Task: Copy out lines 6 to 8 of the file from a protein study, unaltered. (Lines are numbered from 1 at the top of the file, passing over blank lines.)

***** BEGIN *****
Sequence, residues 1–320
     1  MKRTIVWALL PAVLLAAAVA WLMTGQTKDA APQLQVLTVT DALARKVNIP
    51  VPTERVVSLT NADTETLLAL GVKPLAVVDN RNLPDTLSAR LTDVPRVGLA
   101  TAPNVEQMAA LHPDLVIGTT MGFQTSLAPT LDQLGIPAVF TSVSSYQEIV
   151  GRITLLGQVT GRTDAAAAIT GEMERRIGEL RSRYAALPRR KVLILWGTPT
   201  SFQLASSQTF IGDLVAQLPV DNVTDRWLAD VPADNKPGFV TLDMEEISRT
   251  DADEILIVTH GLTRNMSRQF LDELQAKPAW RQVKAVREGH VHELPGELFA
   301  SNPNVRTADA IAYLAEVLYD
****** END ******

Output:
   201  SFQLASSQTF IGDLVAQLPV DNVTDRWLAD VPADNKPGFV TLDMEEISRT
   251  DADEILIVTH GLTRNMSRQF LDELQAKPAW RQVKAVREGH VHELPGELFA
   301  SNPNVRTADA IAYLAEVLYD